• Service: Tax, Corporate Tax, Topics, Tax Reform
  • Industry: Financial Services
  • Type: Regulatory update
  • Date: 3/07/2014

Tax Insights

KPMG's analysis of tax issues and developments.

Connie Van Werkum

Connie Van Werkum
Partner, Corporate Tax

+61 3 9288 6516

Australian CFC reform? Don’t hold your breath 

by Connie Van Werkum, Financial Services Specialist

In the 2009-10 Federal Budget, the Rudd Government announced that Australia’s Controlled Foreign Company (CFC) rules would be reformed as part of wider reforms to Australia’s foreign source income anti-tax-deferral rules. Consultation papers on the CFC rules were released in January 2010 and July 2010. This was followed by Exposure Draft legislation in 2011 and a further round of submissions. It then went very quiet.

Included in the Exposure Draft legislation was a proposed exemption applicable to complying superannuation entities (and certain assets of life insurance companies) from including an amount of CFC attributable income in their assessable income. As stated by the Assistant Treasurer at the time, as such entities are generally subject to tax at 15 percent, any tax deferral benefits would be minimal.


The current CFC rules result in significant administration and compliance costs for superannuation entities and act as an impediment to offshore investment. It was for these reasons that a similar exemption in the former Foreign Investment Fund rules was introduced.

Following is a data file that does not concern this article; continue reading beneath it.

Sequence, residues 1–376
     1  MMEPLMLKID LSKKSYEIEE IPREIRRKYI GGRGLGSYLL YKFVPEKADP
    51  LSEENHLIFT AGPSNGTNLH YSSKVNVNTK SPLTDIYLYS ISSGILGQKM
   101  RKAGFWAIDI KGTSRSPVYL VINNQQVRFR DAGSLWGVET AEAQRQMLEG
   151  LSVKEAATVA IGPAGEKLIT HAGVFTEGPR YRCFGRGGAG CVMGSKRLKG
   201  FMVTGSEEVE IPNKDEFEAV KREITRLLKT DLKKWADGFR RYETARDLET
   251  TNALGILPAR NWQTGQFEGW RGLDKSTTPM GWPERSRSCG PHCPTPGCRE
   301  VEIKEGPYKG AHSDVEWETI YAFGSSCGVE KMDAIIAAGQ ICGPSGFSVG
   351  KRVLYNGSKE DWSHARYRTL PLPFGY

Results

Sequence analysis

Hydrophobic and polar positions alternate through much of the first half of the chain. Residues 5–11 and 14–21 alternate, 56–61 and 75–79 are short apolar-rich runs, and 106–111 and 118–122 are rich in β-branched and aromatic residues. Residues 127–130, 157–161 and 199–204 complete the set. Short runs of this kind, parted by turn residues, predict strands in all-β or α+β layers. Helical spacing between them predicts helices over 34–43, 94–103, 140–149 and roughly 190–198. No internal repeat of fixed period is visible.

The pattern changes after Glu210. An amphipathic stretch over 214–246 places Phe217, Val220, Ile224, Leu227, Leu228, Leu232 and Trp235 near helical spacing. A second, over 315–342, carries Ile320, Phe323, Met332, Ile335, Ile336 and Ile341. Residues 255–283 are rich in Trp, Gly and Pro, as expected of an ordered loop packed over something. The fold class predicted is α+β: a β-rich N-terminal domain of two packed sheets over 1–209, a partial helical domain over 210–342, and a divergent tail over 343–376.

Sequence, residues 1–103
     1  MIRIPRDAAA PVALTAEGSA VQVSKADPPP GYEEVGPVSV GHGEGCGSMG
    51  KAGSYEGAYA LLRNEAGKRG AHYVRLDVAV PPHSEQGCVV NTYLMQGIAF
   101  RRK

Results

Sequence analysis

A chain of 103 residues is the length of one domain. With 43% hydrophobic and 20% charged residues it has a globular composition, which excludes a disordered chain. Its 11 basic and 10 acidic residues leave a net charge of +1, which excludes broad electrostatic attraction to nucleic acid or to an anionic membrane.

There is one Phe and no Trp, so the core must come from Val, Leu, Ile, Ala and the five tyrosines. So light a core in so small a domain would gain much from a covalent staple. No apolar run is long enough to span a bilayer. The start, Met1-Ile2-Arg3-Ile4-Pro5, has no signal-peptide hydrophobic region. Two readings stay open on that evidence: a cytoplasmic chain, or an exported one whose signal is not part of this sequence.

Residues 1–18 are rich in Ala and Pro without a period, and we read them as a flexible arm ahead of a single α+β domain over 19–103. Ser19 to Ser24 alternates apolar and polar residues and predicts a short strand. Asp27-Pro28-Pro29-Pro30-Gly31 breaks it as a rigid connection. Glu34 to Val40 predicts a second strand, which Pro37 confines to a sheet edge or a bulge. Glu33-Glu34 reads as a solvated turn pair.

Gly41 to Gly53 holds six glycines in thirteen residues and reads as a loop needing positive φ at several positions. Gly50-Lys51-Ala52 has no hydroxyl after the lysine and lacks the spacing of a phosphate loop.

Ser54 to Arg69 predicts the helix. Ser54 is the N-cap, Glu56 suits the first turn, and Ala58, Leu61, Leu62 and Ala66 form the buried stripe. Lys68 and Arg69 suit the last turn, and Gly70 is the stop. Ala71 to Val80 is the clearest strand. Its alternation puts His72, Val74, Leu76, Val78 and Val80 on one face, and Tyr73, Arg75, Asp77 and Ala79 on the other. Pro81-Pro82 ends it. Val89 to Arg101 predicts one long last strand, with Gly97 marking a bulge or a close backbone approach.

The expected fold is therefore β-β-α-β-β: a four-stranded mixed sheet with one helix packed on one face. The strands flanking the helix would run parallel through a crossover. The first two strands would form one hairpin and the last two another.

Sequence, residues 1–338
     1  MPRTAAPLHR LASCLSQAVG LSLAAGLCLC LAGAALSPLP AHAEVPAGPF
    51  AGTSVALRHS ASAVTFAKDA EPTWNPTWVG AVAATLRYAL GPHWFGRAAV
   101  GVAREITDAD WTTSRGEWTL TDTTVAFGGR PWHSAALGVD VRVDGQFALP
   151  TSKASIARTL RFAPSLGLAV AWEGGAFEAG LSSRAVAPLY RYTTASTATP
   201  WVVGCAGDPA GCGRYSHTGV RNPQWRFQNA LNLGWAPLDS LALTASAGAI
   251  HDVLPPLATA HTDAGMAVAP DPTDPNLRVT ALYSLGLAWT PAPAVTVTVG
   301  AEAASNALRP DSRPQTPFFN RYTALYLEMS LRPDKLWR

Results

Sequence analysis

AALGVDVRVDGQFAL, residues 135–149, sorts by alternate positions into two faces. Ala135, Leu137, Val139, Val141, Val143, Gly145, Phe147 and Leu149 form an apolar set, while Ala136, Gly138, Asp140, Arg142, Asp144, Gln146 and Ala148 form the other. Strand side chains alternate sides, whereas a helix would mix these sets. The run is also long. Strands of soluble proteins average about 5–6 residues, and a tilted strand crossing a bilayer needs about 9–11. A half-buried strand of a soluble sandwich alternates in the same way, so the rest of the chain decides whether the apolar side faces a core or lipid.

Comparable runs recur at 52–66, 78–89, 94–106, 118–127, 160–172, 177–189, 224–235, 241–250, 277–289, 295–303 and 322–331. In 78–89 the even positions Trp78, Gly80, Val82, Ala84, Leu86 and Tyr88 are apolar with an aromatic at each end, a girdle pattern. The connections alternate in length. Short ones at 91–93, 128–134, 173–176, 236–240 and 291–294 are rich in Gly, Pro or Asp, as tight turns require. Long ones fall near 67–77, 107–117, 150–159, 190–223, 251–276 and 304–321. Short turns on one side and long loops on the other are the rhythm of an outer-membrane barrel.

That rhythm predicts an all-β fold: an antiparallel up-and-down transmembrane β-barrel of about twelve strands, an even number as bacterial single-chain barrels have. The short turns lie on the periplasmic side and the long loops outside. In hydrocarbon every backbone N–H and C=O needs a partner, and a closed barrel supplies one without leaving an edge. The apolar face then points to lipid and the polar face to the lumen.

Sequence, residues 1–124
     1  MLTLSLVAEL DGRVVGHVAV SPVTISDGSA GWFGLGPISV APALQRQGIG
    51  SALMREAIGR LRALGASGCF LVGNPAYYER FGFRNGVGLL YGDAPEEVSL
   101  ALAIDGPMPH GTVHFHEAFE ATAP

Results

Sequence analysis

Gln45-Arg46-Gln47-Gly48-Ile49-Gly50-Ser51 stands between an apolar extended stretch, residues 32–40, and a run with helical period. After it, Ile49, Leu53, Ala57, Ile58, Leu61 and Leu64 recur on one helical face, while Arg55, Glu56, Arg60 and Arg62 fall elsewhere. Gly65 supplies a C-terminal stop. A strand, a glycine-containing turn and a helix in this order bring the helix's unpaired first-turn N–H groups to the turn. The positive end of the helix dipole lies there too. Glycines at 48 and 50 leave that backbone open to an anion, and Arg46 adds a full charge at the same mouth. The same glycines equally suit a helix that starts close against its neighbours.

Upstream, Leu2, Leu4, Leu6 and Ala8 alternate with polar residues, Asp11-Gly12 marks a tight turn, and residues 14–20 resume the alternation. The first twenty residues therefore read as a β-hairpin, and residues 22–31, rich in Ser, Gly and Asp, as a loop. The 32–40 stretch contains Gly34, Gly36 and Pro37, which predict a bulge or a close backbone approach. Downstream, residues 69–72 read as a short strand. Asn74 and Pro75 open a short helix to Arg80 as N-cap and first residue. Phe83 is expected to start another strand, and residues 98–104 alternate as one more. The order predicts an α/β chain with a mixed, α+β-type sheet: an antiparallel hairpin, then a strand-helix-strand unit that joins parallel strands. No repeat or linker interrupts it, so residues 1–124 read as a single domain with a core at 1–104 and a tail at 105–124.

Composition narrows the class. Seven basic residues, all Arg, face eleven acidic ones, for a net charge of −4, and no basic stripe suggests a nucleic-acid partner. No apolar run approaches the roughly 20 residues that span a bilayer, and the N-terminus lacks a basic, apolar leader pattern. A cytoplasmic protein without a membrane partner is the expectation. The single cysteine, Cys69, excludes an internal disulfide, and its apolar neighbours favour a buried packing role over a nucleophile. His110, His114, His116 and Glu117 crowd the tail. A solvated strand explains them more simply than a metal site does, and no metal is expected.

Given the current Government’s disappointing announcement on 14 December 2013 that the modernisation of the CFC rules including the proposed exemption for complying superannuation entities would not be proceeding, it seems that the current CFC rules are here to stay, at least in the medium term.


As such, there is an urgent need for the Government to amend the law to exempt complying superannuation entities from the current CFC rules.


In the meantime, taxpayers should continue to monitor the CFC status of their foreign investments. If CFC calculations are currently being performed, now is also the time to consider the impact of the proposed changes to the dividend rules (sections 23AJ and 404) as these have the potential to affect CFC attributable income. Accordingly, current investment structures should be reviewed.


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